Allison K Williams is Brevity’s Social Media Editor and the author of Seven Drafts: Self-Edit Like a Pro from Blank Page to Book. Want writing news, events, and upcoming webinars? Join the A-List!
This is such good advice, Allison! I often think I have to read through the whole book but you’re right, there’s enough in the opening few chapters to get a sense of the book.
Right?!? I finally realized, this is not a chance for me to show off my reviewing skills, just write the darn thing! Took a load off my mind and my TBR pile 🙂
Allison! I don’t reply often, but you leave me gasping for author-citizenship air when I’ve held my breath. This is your usual succinct and brilliant advice. I am reminded, and I have learned. I need to follow you around (or live in your head). Thank you!
Done. (I’m a bit long-winded though.)
Thank you thank you! I’m blushing ❤️
Reblogged this on Site Title.
Great advice- thanks Allison! I am really enjoying the Writer’s Bridge and look forward to reading (and reviewing!) your book.
Thank you so much!!
I made a promise on Twitter recently to buy three memoirs praised in the same review for their wit. I followed through and bought and read all three. Alison, this post gives me a useful to-do of how to go back and review the books myself. They are all so good and so different!
The books: “Black Mountain, Blue Field” by Trey Popp;
“To Hell with It, Of Sin and Sex, Chicken Wings and Dante’s Entirely Ridiculous, Needlessly Guilt-Inducing Inferno” by Dinty Moore;
and “The Secret to Superhuman Strength” by Alison Bechdel.
P.S. Pre-ordered your book too–can’t wait till it arrives!
They sound great!! Gonna look those up for sure!
[…] 1, 4 or 5 Stars: Why to Review Right Now — BREVITY’s Nonfiction Blog […]
ordering today- will review-promise
This piece should be posted at every site and store where books are sold.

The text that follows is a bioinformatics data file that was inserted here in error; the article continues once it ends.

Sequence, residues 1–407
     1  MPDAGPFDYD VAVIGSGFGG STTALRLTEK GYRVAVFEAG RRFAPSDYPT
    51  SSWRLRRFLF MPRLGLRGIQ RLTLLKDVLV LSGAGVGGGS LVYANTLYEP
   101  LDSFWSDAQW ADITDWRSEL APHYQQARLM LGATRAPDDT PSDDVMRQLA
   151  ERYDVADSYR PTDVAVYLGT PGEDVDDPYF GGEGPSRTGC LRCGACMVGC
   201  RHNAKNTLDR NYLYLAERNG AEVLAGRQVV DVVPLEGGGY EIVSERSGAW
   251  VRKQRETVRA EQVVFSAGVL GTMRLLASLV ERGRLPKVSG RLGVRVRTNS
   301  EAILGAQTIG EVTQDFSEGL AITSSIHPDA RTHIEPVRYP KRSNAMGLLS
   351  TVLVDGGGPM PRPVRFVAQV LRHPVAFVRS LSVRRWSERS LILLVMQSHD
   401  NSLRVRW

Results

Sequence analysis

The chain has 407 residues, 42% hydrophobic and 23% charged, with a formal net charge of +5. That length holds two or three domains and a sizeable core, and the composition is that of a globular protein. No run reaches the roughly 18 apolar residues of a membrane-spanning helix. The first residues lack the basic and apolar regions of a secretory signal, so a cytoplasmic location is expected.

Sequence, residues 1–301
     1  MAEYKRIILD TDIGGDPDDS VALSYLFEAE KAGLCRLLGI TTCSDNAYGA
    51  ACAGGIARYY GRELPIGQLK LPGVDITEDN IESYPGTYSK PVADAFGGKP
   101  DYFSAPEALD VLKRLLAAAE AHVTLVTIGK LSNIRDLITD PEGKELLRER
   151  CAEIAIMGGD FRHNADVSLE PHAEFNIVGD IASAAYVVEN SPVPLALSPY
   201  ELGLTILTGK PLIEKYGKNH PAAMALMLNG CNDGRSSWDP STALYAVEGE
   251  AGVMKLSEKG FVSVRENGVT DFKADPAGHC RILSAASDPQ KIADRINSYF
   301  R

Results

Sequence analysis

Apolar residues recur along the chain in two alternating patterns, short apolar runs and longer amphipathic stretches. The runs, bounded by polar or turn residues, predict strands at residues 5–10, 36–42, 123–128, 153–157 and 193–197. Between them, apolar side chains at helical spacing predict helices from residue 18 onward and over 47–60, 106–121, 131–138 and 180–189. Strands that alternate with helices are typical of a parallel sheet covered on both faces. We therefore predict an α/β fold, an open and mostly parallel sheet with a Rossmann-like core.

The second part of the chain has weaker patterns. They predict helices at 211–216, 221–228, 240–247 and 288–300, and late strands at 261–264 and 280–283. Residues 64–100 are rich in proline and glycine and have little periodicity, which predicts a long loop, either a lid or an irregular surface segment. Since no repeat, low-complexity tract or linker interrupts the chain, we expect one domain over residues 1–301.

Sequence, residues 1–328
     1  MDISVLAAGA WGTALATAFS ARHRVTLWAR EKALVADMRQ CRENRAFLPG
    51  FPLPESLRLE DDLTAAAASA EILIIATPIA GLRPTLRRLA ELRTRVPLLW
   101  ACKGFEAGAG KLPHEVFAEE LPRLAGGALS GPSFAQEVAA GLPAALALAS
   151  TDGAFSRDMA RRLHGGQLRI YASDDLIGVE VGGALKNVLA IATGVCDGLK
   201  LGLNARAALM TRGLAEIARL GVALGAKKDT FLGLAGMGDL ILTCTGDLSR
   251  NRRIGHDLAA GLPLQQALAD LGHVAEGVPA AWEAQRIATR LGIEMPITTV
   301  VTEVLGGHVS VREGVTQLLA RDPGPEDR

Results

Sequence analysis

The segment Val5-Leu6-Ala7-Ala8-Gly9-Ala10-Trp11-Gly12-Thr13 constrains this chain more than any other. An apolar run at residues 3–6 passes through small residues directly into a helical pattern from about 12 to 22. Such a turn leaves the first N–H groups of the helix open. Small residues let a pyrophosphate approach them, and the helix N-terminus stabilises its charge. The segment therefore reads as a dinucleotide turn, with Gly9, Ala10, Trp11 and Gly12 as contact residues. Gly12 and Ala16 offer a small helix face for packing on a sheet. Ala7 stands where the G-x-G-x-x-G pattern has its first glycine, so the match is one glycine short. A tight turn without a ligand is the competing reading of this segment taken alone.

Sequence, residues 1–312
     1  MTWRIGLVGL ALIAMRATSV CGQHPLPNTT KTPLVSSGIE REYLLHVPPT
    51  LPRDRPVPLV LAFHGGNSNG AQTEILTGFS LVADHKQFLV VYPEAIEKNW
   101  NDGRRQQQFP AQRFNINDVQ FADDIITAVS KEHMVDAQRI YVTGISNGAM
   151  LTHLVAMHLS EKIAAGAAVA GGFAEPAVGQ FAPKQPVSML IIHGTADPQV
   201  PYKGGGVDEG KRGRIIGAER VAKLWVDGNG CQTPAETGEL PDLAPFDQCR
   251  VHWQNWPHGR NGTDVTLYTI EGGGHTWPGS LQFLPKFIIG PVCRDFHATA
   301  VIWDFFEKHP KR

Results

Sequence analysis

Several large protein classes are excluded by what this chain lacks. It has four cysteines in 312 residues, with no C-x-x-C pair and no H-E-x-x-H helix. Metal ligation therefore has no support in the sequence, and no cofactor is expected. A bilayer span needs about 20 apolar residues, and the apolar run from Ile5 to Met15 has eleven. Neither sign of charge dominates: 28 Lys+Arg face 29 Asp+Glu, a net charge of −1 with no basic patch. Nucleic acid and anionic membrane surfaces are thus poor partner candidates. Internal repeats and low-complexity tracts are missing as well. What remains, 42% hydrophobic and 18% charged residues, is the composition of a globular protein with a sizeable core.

🙂 Thank you!
Love this, your blog, your guidance on craft, your hand-holding through platform building, and your advocacy for every author’s journey. Here’s a question tho – would you rather have a verified review on Amazon or on Bookshop.org. I’ll leave a review on both, plus GoodReads but still … I gotta buy from somewhere. (ps added your book to my Bookshop.org list that I share with my 400+ writers group.
Thank you soo much! Wherever is the EASIEST for you is just fine 🙂 And I’m proud to be on such a great list!!
I’m so thrilled to have the large-print Special edition. I just randomly open to any page and another little gem spills out. And just like Seven Drafts, this blog post overflows with resplendent wisdom.
Thank you thank you ❤
This post provides good advice that I don’t think is limited to books. On-line publications and the authors who write for them also benefit from (and appreciate) comments. Congratulations on your book.
Bloggers too—nothing makes my day like receiving a comment of any length from a reader.
Thank you! Yes – we all want to know someone is listening!
I attended your session at HippoCamp a few years ago. I was blown away by the energy of your presentation – standard aerialist energy? – and the practical advice you offered with a generous helping of encouragement. I’ve since taken a few of your zoom classes and attended some Bridge sessions. Here’s what I’ve noticed: regardless of the topic, by the end I feel cheered on, recommitted to my writing, with a renewed sense that the writing matters. (Of course, then I need another fix in a matter of weeks.) I pre-ordered your book and look forward to reading it and will review it. It’s the least I can do!
Thank you – I just realized a couple months ago that teaching is indeed what fuels my performer energy now! I am so glad you feel that way–that’s exactly what I hope to inspire!! Thank you ❤
What a helpful how-to for review writing! Can’t wait for your book to arrive so I can put it into practice – both the reviewing and the drafting.
Thank you so much!!!
Reblogged this on Cornelia Smith Fick Author.
Yes! Such a wonderful reminder and well said. Such a simple thing to do that most people don’t, even when they absolutely love a book.
Ah, great advice. Although I have to admit the 1* I once got from a total stranger hurt a lot. My otherwise perfect score went down a point or two or more. I’m on it, for a book I read, collecting notes I wrote. Your post points out the urgency, the value of a quick response, getting the review out there, where it belongs. Wishing Seven Drafts a long, long life in print and virtually forever.
[…] Review your friend’s book on Amazon. If you have five more minutes, copy-paste the review to Goodreads. […]
Reblogged this on B. Lynn Goodwin and commented:
For your consideration.
(sorry, I replied to a reply!) Allison! I don’t reply often, but you leave me gasping for author-citizenship air when I’ve held my breath. This is your usual succinct and brilliant advice. I am reminded, and I have learned. I need to follow you around (or live in your head). Thank you!